To import a bitmap with transparency, create an alpha channel bitmap in your preferred editor (Adobe Fireworks, for example.) For information on working with alpha channels, see the documentation of your bitmap editor. Save the image as a 32-bit image, preferably PNG for best color fidelity. When you import the PNG file into Flash using File > Import, the alpha channel transparency is retained in Flash. If you're using Fireworks, see Using Fireworks and Flash Together for tips on exporting PNG files with transparent backgrounds for use in Flash.
Flash can also import transparent GIF89a images. See below for details. The JPEG format, however, does not support transparency.
It is possible to make the background of a SWF file transparent while it is being played in a browser. For complete details and an example, see Create a transparent background in a SWF file.
While it's possible to import bitmaps with transparent backgrounds into Flash, you can also remove the background after the image has been imported.
To remove the background for raster images, do the following:
Exporting or publishing static GIF with Transparent selected does not result in a transparent GIF. The background color is still visible.
When you import transparent GIF images into Flash and placing them on the stage, the transparent image areas sometimes display as solid colors.
Flash imports GIF files incorrectly depending on the background and index color of the file. If imported GIF files have a different index color than the transparent color, a solid background results in the image display in Flash.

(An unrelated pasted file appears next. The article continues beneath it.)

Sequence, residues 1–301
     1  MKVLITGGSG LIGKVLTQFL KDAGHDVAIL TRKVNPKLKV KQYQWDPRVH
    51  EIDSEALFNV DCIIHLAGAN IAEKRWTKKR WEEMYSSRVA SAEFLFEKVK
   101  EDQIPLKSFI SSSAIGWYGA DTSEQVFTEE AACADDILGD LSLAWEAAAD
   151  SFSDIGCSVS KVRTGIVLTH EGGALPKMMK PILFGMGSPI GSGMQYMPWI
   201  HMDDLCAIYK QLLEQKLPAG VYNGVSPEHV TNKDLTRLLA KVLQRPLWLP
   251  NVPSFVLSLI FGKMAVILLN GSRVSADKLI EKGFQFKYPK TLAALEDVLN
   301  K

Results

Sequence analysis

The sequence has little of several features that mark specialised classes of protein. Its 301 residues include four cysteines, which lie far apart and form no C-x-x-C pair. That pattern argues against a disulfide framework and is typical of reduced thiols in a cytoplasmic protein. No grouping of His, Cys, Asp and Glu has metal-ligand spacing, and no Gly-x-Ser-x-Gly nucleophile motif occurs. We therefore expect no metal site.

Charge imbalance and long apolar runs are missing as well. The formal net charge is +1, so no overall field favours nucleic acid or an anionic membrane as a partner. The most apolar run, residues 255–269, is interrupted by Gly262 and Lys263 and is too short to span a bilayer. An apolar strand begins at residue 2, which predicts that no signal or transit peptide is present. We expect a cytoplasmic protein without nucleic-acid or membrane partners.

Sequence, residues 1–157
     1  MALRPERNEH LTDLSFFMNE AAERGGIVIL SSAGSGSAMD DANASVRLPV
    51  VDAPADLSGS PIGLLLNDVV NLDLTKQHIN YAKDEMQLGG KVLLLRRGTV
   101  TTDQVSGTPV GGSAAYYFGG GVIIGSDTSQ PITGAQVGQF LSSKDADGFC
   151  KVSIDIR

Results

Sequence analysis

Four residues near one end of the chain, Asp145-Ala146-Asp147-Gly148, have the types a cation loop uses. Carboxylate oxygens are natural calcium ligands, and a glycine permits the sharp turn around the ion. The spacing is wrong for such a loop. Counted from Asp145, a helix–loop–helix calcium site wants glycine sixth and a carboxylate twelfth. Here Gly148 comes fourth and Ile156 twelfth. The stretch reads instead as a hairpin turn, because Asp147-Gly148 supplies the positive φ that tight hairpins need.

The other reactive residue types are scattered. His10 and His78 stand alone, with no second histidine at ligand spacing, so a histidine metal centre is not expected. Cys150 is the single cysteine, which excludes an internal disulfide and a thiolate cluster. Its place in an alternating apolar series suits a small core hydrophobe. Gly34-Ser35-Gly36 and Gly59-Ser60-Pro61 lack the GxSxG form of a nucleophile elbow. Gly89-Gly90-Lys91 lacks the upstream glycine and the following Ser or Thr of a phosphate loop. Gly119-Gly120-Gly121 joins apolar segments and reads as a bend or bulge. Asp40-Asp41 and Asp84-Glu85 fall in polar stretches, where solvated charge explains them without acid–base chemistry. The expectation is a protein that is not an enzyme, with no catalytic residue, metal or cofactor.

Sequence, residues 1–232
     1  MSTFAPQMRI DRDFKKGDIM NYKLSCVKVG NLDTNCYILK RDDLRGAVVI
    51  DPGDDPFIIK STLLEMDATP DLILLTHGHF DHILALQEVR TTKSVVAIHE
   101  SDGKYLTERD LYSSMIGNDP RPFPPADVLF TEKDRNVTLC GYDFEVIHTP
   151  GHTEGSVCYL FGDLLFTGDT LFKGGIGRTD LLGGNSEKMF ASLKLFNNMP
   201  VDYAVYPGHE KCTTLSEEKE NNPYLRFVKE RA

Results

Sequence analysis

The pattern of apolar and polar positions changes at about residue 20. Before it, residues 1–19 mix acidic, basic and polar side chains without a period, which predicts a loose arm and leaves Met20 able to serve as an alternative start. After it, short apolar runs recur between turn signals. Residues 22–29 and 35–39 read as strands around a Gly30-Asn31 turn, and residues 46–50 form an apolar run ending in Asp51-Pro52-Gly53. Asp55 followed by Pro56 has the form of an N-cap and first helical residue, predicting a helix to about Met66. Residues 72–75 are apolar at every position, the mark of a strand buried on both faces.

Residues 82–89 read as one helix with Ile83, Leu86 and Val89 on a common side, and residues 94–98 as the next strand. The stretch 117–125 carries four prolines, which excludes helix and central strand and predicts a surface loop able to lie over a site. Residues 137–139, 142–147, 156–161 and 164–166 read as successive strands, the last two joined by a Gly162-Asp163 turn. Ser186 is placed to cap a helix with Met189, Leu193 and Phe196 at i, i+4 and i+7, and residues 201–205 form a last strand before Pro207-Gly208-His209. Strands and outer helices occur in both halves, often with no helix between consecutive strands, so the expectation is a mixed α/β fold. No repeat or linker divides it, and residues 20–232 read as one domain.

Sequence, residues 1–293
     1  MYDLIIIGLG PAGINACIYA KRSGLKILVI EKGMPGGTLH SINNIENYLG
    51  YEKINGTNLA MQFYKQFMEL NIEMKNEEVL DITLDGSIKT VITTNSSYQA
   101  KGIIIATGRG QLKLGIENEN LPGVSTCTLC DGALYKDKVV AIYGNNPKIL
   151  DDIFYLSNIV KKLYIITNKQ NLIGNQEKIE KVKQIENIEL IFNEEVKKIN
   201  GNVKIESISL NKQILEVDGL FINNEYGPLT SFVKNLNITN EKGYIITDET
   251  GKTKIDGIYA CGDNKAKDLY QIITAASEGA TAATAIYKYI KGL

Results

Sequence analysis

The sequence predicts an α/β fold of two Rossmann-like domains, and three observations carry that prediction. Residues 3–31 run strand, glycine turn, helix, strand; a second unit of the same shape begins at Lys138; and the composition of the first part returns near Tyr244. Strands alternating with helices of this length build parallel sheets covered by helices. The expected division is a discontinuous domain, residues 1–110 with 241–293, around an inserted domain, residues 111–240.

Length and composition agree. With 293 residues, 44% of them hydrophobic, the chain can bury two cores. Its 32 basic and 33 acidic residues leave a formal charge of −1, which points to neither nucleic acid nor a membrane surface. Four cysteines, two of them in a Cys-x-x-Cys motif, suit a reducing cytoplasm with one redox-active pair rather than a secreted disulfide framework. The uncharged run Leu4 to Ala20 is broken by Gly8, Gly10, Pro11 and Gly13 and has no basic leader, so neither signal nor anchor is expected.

Create GIF images with the same transparency and index color for use in Flash. When saving or exporting images in GIF format, you have the option to set the transparency and index color of the image. When these colors are set to the same RGB values, Flash properly renders the background color as transparent. For detailed information on this procedure, see your image-editing application documentation.
Transparent areas are "ghosting" in PNG images in Flash when the monitor is running at 16-bit color display. Ghosting is a semi-transparent image appearing in an area that is expected to be transparent.
This issue is a symptom of the way Flash dithers colors for 16-bit display.
For displaying alpha areas over solid colors, Flash uses a single pixel value for the entire area of color. When displaying gradients or images, Flash uses a pattern of pixel values so that color changes are smoother. When there's an alpha channel over a solid color, Flash switches from a single pixel value to a pattern of pixel values. This switch causes the ghosting effect seen.
For a technical description of 16-bit color problems in Flash, see HTML colors are different from SWF colors.
There are three recommended workarounds to this issue:
- Choose solid colors in which their RGB values are all a multiple of 16. With this color format, the alpha areas don't dither on 16-bit displays. This workaround, however, doesn't prevent ghosting at 8-bit display.
- Change solid colors to gradients that contain a single color. This technique tricks Flash into always dithering the color and eliminates ghosting.
- Break apart the bitmap and use the Lasso tool to mask out and delete the transparent portions of the image. This workaround eliminates the ghosted areas, and makes it less noticeable.